Congratulations to Jasdeep Basra, Pascal Issa, Aldo Lagrutta, and Stephanie Perkins on being named the winners of the Spring 2020 Lily L. Chang Award for their “That’s A Hard Pass” capstone project. With support from CLTC, the research team aimed to build a usable, private and secure cloud based password manager using emerging technology. “Passwords have been the main method of authentication for a long time, but they have also been proven to be a massive weak point within authentication,” the researchers wrote in a proposal for their project. Together they created “security made tangible” with Hard Pass, a hardware token that acts as an authentication key.
The researchers describe a high-level overview of their cloud architecture:
“Our deliverable is a Hardware-based YubiKey to access websites using a physical tap and pin. We are using FIDO2 (WebAUTHN for CTAP2) to allow users to sign-up and login without a password to web based forms. Registration to our service leads to generating an asynchronous keypair that is transparent to the user. From there, we use the Yubikey and onboard public key for encryption of the data locally. The data is only transmitted after encryption. Lastly, we used the previously established private key on the Yubikey for decryption of the data locally. All key and extension actions are run client side. As such, data will be encrypted client side and transmitted as is, so there is no risk of data disclosure if our backend infrastructure is breached.”
Hard Pass allows users to :
- avoid reusing passwords
- avoid credential stuffing attacks by using their FIDO authentication mechanism as two-factor authentication (2FA)
- reduce risk from phishing and password attacks
- have a simple, convenient experience without additional time-consuming 2FA or SMS steps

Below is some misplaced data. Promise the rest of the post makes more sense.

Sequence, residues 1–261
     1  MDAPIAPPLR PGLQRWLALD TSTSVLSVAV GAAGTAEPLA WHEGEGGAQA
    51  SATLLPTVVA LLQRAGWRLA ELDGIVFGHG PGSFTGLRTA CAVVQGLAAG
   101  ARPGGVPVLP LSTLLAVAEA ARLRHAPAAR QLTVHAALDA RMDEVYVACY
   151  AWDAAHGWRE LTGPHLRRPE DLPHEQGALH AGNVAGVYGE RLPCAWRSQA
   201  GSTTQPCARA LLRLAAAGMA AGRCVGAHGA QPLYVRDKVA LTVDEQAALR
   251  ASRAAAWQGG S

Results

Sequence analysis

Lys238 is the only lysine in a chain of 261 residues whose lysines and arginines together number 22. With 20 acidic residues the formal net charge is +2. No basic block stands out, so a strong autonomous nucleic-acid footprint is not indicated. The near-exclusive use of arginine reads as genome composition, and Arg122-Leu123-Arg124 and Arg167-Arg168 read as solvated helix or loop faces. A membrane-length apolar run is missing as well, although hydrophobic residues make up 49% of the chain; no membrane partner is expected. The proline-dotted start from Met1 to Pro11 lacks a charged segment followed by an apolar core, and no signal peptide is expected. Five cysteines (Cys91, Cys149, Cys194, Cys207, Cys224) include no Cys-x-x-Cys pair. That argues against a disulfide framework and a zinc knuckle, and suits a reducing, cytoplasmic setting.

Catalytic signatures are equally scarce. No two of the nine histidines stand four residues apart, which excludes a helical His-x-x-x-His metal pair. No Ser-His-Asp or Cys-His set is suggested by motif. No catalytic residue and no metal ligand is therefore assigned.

In the table below, the team highlights Hard Pass’s key differentiators from other passwordless technologies already on the market, such as asynchronous encryption. “Hard Pass is different from other password managers because our solution has client side encryption and focuses on user privacy, usability, and security every step of the way,” said Steph Perkins.
CLTC asked the researchers to share any unexpected insights about cybersecurity that they learned during the course of their capstone project. To Jasdeep Basra, usability and functionality are key to gaining widespread market adoption and are just as important when introducing the most ‘secure’ solution. “Having global industry support is essential for security products to succeed,” Pascal Issa added. “Just because a product is the most secure does not mean it will be the most prevalent without tech industry adoption.”
Being recognized for the Lily L. Chang Award is a significant next step in these MICS students’ career in the cybersecurity field. “As I move up into leadership positions,” said Perkins, “[the MICS] program has prepared me well with a timeless approach to understanding every aspect of cybersecurity.” In reflecting on his time spent in the MICS program, Basra expressed thanks for the opportunity and everything that he learned. “I think the connections and contacts I made here will carry on and I hope to be able to take a more academic and systemic approach to cybersecurity rather than a purely practical approach.”